To actually decide whether or not taking Modafinil constitutes cheating, we've got to understand the drug's exact effects. One study last year reported Modafinil caused a 30 per cent improvement in participants' language learning, but it only helped people on the day they took the drug—it didn't do much to help them remember the information later on.
Two academics at Oxford University recently analysed 24 papers produced over the past two decades on the effects of Modafinil, noting that when taken by healthy, non-sleep deprived humans, the drug "appears to consistently engender enhancement of attention, executive functions and learning." Basically, it works.
Although, one could pretty easily argue coffee and energy drinks do the same thing, but no one is cracking down on cappuccinos.
Even if it was decided that study drugs like Modafinil gave students an unfair advantage, policing them would create another set of issues. Short of mandatory urine tests during semester, it's near impossible to tell who is using these sorts of drugs.
Professor Simon Lenton, deputy director of the NDRI (National Drug Research Institute) at Curtin University, is leading an upcoming study into the use of smart drugs at universities. He says more research needs to be done before universities can start to form policies on their use.
"It's important that we find out exactly how prevalent these drugs are in Australia," says Simon. Presently, all we have to work with is one study done in 2013, which suggests four to eight per cent of Australian university students have used smart drugs.
Anecdotal evidence suggested that figure is growing. Plus, Simon warned the growing hype around smart drugs could lead more people to try them out. Students may feel compelled to take the pills to stay on equal footing with their pill-popping peers, who they see as a step ahead of them. "If people think everyone else is doing it, it becomes a bigger issue than it actually is," says Simon.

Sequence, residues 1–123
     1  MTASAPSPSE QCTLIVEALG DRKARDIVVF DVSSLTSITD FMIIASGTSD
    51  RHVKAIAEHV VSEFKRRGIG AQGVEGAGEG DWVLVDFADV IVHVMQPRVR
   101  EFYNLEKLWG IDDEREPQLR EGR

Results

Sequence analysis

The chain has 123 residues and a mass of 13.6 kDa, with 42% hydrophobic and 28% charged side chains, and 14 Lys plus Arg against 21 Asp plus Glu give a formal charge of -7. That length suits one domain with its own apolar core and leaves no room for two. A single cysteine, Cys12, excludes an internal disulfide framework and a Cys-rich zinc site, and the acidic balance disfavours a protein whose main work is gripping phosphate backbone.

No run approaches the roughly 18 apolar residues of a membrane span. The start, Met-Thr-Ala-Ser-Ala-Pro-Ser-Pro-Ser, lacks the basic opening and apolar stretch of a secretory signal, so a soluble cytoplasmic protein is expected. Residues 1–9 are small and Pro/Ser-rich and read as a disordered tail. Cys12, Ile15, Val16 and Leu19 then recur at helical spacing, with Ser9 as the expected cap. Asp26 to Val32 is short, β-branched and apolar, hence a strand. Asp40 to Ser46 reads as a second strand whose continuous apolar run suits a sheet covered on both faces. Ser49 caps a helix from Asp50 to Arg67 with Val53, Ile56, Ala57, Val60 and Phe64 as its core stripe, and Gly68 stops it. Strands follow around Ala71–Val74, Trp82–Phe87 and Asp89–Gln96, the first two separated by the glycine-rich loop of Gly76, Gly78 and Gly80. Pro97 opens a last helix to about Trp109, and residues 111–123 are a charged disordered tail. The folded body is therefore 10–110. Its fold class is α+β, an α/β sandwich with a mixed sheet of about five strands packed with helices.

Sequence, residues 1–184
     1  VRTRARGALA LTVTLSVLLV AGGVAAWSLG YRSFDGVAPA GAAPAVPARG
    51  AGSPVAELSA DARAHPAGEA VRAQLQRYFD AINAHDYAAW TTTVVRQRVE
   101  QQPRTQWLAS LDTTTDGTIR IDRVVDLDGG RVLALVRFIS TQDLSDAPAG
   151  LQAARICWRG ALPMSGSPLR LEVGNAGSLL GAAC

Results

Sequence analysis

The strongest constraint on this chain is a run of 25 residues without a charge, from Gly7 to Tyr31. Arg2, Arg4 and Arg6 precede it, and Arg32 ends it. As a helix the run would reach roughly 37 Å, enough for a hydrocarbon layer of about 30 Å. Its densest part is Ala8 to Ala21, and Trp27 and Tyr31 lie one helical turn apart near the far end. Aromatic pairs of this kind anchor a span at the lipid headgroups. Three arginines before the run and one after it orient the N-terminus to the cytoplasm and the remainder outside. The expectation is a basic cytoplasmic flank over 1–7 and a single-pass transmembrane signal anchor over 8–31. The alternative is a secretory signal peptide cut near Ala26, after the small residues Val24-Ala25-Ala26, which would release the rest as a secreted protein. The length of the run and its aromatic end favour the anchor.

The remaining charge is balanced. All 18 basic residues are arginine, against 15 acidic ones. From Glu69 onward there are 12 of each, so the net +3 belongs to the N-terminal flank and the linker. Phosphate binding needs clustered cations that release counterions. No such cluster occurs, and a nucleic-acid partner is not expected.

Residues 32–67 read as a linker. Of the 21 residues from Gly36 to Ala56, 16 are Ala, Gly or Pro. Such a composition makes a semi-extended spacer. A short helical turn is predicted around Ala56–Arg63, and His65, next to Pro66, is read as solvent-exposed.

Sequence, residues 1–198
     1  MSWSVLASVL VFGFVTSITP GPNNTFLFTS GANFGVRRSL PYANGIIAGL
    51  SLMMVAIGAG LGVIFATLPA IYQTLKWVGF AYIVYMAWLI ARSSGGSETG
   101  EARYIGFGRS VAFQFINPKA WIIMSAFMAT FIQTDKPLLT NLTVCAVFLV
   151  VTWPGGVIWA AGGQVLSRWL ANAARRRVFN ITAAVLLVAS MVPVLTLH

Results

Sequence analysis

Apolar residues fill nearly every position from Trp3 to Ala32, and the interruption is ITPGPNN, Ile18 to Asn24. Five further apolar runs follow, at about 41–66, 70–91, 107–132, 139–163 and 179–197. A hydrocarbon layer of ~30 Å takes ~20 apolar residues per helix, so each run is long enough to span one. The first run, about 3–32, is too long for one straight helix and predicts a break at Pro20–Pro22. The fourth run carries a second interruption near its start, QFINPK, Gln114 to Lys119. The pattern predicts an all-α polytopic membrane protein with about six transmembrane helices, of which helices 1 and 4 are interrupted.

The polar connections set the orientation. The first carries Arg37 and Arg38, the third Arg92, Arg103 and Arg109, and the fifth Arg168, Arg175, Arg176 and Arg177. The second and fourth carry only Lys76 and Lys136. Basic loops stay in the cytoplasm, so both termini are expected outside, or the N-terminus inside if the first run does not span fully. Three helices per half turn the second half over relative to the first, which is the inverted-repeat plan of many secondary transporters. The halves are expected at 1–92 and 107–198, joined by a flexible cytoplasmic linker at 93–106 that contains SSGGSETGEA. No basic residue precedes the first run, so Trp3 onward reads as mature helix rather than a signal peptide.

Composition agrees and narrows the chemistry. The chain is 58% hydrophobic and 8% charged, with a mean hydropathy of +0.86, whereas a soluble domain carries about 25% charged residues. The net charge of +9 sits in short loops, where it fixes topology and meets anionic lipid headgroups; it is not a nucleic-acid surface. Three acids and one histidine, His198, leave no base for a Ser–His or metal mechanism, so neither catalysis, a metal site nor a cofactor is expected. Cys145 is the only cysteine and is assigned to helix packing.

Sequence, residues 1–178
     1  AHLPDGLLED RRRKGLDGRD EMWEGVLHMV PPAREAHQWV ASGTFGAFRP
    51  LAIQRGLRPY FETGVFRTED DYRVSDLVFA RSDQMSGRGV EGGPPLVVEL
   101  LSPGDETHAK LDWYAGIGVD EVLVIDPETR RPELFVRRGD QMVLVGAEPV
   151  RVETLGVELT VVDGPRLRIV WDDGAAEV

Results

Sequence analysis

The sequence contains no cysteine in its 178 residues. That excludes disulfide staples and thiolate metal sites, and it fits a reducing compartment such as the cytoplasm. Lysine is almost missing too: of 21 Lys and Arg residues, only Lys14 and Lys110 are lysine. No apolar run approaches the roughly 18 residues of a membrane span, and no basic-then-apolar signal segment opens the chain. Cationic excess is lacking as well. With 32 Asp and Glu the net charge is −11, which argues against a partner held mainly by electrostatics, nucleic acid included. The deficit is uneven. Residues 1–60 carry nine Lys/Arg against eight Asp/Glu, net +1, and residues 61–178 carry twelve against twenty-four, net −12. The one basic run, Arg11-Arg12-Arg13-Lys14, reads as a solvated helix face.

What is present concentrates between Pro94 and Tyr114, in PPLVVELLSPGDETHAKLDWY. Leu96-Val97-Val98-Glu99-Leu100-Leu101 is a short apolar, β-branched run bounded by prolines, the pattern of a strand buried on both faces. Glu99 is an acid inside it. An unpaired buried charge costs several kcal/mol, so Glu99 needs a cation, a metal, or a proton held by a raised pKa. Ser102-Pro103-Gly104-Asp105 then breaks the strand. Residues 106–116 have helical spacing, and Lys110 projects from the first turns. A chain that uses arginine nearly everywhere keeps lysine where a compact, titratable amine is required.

Beyond the ethics of academically dominating your peers with a certain chemical advantage, nobody really knows the health risks that come with using Modafinil long-term.
Professor Nicholas Keks, professor of psychiatry at Monash University, warns students against the use of any prescription medication outside of its intended purpose. "They can put themselves at risk to stimulant addiction," he says. "People are buying these things over the internet with no guarantee of what is in them. If anyone wanted to make a profit in this area, they could be substituting in amphetamines, and the risks of that include psychosis." A valid point considering most students don't actually have a Modafinil prescription and are buying it from unregulated online stores.
For those of you shopping for Modafinil, take note: it's illegal to obtain medication without a prescription and if your special package gets intercepted at customs, you could be charged with illegally importing drugs.
But despite the physical, legal, and ethical minefield of Modafinil, students feeling the pressure to perform are willing to risk it. "I feel I have to do well at Uni so I can get a career," says Rory, "At the same time, I have to work enough to pay rent, eat more than just mashed potatoes every night, and then be able to hang out with my friends so I can stay mentally healthy. But maybe our generation is a bunch of sooks."